UCC pastor: With Jean’s return, a sermon becomes real
Immigrant rights leader Jean Montrevil, deported during the Trump administration in January 2018, was released from his deportation order and returned to his New York City community of family and friends last month. Members of Judson Memorial Church in Manhattan, who spent years protesting and advocating for his freedom, joined his family to meet him at John F. Kennedy airport on Oct. 18.
Montrevil returned to the U.S. under a 90-day period of special-interest parole, giving him time in the country to pursue long-term residency with his family in New York as conditions continue to deteriorate in Haiti. His deportation order was tied to a 1990 Virginia drug conviction. Recently, Virginia Gov. Ralph Northam pardoned Montrevil, giving him the opportunity to reopen his case and regain his legal status.
The Rev. Donna Schaper, former senior minister of Judson, shares her account below of Montrevil’s almost unheard-of return.
God has sent me to heal the broken-hearted and set the captives free and release the prisoners …Isaiah 61:1
Normally when I preach this text I go spiritual on it. A lot of people who have never known the inside of a jail cell or been deported or shackled understand imprisonment. We have broken hearts and we don’t feel free. We often feel captive or in need of release. Suffering is an equal opportunity employer.
But recently I got a good solid sense of material release. Our congregant at my former congregation, Judson Memorial Church, immigrant rights leader Jean Montrevil, had a COVID test in Port au Prince on Saturday, Oct. 16, got his traveling documents on Sunday, got on a Jet Blue airplane Monday morning and landed in New York on time at 2:40 p.m. By 4 p.m. he was walking out of deportation into a renewal of his citizenship. He walked out of the airport a free man. He was released. His captivity was left behind. Almost no one is ever un-deported. Don’t tell Isaiah! Jean was un-deported and the story is as real as the sweatshirt with his body wrapped in it that I hugged that Monday.
Jean had been deported unfairly and unjustly after he became an immigrants’ rights leader in New York City. ICE officials picked him up one night on his way home from work. He was immediately sent to a Miami detention center where he soon went off to Haiti, never to return to his wife or children or congregation or fellow activists. One who once was lost was found.
How did scripture become real at Kennedy arrivals? How did a teenage son and a teenage daughter get to hug the father in person, the one they thought they’d never see again, when they were still in grade school?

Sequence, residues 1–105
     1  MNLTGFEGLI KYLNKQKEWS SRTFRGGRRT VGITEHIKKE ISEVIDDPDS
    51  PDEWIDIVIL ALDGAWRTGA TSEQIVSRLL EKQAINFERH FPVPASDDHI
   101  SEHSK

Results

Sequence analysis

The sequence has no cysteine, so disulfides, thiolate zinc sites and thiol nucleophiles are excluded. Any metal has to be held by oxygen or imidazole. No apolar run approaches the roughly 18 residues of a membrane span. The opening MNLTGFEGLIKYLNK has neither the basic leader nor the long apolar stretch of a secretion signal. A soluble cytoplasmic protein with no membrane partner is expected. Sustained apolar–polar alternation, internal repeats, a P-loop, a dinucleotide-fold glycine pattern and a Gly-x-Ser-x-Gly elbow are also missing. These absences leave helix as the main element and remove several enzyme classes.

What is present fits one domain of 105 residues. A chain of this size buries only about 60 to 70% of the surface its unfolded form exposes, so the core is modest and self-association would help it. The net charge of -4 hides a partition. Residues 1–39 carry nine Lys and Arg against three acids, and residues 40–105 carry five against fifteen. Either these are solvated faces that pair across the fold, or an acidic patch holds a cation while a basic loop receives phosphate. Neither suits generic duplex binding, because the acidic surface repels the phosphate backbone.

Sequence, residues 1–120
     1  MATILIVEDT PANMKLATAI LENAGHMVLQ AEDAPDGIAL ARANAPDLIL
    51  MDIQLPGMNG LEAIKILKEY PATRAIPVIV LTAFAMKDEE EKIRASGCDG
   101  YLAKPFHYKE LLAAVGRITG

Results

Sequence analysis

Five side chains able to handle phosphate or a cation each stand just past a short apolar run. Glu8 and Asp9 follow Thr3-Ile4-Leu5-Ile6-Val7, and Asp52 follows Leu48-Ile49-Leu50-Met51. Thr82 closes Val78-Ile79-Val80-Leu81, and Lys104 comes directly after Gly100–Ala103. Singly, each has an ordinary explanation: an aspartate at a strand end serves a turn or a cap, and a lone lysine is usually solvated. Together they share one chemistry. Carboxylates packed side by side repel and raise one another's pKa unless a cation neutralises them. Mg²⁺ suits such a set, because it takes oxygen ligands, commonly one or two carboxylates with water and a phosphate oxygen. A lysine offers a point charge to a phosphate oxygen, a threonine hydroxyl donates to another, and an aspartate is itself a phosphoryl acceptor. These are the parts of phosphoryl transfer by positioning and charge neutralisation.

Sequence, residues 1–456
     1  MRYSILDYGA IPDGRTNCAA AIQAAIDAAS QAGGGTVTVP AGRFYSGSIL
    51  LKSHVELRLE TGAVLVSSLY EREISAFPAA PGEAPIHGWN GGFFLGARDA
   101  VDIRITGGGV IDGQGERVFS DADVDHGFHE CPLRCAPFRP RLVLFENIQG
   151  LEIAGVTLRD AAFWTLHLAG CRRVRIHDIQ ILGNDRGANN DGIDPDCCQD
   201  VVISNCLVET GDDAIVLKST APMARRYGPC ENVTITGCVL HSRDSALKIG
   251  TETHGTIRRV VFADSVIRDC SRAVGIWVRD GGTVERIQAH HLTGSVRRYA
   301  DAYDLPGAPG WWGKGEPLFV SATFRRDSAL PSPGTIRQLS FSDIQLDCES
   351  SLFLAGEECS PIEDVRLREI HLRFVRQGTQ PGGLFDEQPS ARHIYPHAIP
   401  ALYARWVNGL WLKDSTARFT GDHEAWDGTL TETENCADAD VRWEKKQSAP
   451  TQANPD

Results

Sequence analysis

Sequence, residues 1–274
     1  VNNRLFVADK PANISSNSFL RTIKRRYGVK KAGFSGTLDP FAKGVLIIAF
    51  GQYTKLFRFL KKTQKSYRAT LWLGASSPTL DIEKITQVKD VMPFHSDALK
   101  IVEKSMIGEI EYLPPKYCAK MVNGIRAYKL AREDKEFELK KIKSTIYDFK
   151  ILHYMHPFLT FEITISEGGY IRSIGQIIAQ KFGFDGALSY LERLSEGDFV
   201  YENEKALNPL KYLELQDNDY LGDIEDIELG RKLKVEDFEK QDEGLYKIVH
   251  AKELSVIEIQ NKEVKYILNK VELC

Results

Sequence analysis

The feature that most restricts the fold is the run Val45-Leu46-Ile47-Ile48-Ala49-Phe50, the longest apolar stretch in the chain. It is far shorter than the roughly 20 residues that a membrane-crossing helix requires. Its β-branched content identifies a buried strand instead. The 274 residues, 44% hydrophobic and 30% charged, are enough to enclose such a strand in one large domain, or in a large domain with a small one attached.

Basically, a pardon was issued by the governor of Virginia for the original so-called crime and the Biden administration was able to convince ICE that Jean was no longer deportable because he didn’t have a prior record. This pathway is not yet well worn but it could be. It could release the thousands of people who are still unjustly deported. But let’s leave case law to the lawyers.
For now note the way pardon was achieved. Congregations in New York found their denominational UCC and Baptist counterparts in Virginia. They got the attention of their leadership – including Conference Minister Freeman Palmer. He got them to local sanctuary and immigrant rights organizations. My husband’s giant Jewish Virginia-based family got involved and used their Chanukah party list to send letters to the governor. Friends and family. One pastor realized that one of her members worked for the governor. We never knew what she did or didn’t do because it was one of those quiet things. You know. Under the radar. When you really do something good, you often don’t brag about it.
The same law school students and faculty at NYU who support the whole New York City Sanctuary Movement got involved and they stuck and stuck and stuck some more. NYU should give them all honorary doctorates.
Oddly, Jean had also almost been deported previously. That time he was detained in a cruel Pennsylvania detention center. A big hurricane happened in Haiti while he was waiting for his plane in Pennsylvania. They released all the Haitians. Jean hitched back to New York and walked in through the front door. We thought it was Easter Sunday and Jesus had arranged a resurrection. But it was just Jean.
So now I will no longer travel to Miami or York, Pa., get Jean’s clothes or bring him pictures of the kids. I won’t go to Haiti and meet his new girlfriend or eat at the restaurant he opened downtown in Port Au Prince which he named “Donna’s.” Instead, I will have coffee with him, talk about his kids, help him restart his business as a driver, and muse on matters that are both spiritual and material.
When I visited him in Haiti, I took a suitcase full of Sensodyne toothpaste. That’s what he wanted and needed for his tender teeth. Maybe we’ll go to the dentist? Who knows. From scripture comes an utter unity of the material and the spiritual.
I woke up today a little sad for all the people who didn’t have a community strong enough to get free or even to get attention while bound. I’m going to miss calling Gov. Northam on my speed dial. And I can’t wait to have a normal relationship, again, with Jean. Broken-hearted no more. Yes, he had more than his share of depression and hopelessness, even divorce, certainly a large sense that God had abandoned him. “I just can’t get a break.” So Jean’s spiritual capacity surely had something to do with his homecoming. He didn’t give up either. But for now, the text is real. God will free the captives and we can help. God un-prisons the prisoner. God un-deports the deported. And we can be a small part of a giant story.
The Rev. Donna Schaper now serves Orient Congregational Church, UCC, in Orient, N.Y.
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